By now you’ve probably heard that California, while still by far the most populous state in the country, isn’t growing as fast as the rest of the country. The reversal of a decades-long boom, which will take California’s first congressional seat, was initially documented in a preview of census data this spring.
But when the US Census Bureau released its 2020 survey data in full last week, it revealed a more complicated, nuanced picture of how California — and the 39.5 million of us who call the state home — has changed over the past decade.
Here are five key takeaways:
White people are no longer the largest group
In 2020, more than 39 percent of Californians identified themselves as Hispanic or Latino, compared to the roughly 35 percent who said they were white and not Hispanic, my colleague Jill Cowan reported.
The shift makes California one of only five states or territories where whites are not the largest group. The others are Hawaii, New Mexico, Washington, DC and Puerto Rico.
Asians are among the fastest growing ethnic groups
The percentage of Californians who identify as Asian or part Asian grew by more than 27 percent between 2010 and 2020, one of the largest increases among ethnic groups.
By comparison, the proportion of Californians who identified as black or partially black rose 5 percent.
California has long been home to a higher proportion of Asian residents than the rest of the nation. In 2020, about 18 percent of Californians identified as Asian or part Asian, compared to 7 percent nationwide.
Most stunning are four of the top five rural counties with the highest proportion of Asian residents in California: Santa Clara, San Francisco, Alameda, and San Mateo.
The state did not grow equally
California grew by 2.3 million residents over the past decade — an increase of about 6 percent — but that increase was not evenly distributed across the state.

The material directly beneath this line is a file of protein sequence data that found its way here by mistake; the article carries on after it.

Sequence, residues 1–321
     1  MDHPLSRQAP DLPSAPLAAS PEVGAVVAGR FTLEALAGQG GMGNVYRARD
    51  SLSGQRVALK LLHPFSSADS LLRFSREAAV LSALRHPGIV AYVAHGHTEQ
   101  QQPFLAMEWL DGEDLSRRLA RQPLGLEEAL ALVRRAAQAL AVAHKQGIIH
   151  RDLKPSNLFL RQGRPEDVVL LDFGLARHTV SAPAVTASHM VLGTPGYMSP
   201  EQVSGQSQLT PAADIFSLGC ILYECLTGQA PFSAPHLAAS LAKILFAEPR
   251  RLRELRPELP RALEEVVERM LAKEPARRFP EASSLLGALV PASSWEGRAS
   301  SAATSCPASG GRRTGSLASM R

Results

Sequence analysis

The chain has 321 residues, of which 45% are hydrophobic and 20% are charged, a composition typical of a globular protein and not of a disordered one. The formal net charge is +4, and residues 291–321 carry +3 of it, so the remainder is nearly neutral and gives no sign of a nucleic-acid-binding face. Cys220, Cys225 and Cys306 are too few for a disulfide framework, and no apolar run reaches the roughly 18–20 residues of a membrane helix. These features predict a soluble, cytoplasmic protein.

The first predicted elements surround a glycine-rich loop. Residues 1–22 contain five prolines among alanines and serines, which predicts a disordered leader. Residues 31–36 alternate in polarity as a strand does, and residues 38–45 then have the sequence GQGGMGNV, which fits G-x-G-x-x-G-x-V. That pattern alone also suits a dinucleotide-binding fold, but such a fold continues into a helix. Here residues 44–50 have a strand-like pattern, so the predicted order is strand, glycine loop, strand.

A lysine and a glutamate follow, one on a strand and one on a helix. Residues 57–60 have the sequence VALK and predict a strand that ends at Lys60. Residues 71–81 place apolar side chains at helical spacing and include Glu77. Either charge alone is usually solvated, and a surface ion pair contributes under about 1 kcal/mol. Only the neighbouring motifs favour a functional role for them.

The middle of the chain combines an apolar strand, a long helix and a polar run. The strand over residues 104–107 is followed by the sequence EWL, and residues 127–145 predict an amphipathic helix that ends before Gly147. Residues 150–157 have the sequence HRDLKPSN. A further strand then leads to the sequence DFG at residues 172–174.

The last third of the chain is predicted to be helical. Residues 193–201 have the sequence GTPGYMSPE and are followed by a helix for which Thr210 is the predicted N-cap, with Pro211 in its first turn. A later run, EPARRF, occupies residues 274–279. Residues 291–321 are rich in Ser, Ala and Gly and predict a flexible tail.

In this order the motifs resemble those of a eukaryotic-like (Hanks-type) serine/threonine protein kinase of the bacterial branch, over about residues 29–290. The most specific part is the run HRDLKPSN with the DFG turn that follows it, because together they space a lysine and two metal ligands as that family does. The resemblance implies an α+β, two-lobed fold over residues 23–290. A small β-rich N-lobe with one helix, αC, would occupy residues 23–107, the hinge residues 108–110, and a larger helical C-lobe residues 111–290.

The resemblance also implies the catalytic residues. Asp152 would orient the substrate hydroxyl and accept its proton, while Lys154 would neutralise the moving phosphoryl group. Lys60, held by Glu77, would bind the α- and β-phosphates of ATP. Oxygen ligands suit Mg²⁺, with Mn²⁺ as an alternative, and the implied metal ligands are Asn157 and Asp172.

Los Angeles County, which is still the most populous with more than 10 million residents, saw a 2 percent increase, while many other rural counties grew more than 10 percent.
Here are some of the winners and losers, in terms of population changes:
Counties with the greatest percentage population growth: Trinity (17 percent increase), San Benito, Placer, San Joaquin, Yuba
Counties with the greatest numerical population growth: Riverside (additional 228,544 people), San Diego, Los Angeles, Orange, Alameda
Counties with the greatest percentage population decline: Modoc (10 percent decline), Mono, Lassen, Mariposa, Butte
Counties with the largest numerical population decline: Butte (8,368 fewer people), Lassen, Mariposa, Mono, Modoc
San Francisco is the most childless city in the US
Of the 100 most populous cities in the country, San Francisco has the smallest proportion of residents under the age of 18, as first reported by The San Francisco Chronicle.
Thirteen percent of San Francisco’s population is under the age of 18, compared to 22 percent in the state as a whole and nationwide. The long-standing trend in San Francisco is often attributed to the region’s extremely high cost of living, the paper reports.
California is the second most diverse state in the country
There is about a 70 percent chance that two randomly selected California residents would be of different ethnic or racial backgrounds, according to census data. When it comes to this statistic, known as the Diversity Index, California ranks second in the country after Hawaii.
Both Solano and Alameda provinces are among the 10 most diverse provinces in the country. Find out how California’s counties are doing.
what we eat
Tejal Rao, California restaurant critic for The Times, has started a newsletter devoted to the joys of vegetarian cooking. The pasta with kale sauce in the first edition is delicious.
Where we are traveling
Today’s California travel tip comes from John Le Pouvoir, a reader who lives in Pollock Pines. John writes:
In this era of climate change, here’s a ‘see it before it’s gone’ idea. Jot Dean Ice Cave. All the way north, in the Medicine Lake Highlands volcanic area.
Tell us about the best places to visit in California. Email your suggestions to [email protected] We will share more in upcoming editions of the newsletter.
Whether you’re a parent, teacher, or student, I’d love to hear from you about the first day of school.
Please send me a few sentences about your (or your child’s) return to class, including your name, school, age and class if applicable. Your response may be published in a subsequent edition of the newsletter.
Joy, anger, fear, boredom – I want to hear it all. Email me at [email protected].
And before you go, good news
A new ice rink in East Oakland offers opportunities for fun while the neighborhood is rejuvenated, reports The Oaklandside news site.
On a recent Sunday at the rink, where songs from Beyoncé and E-40 were booming, “everyone in attendance seemed to be feeling the vibes.”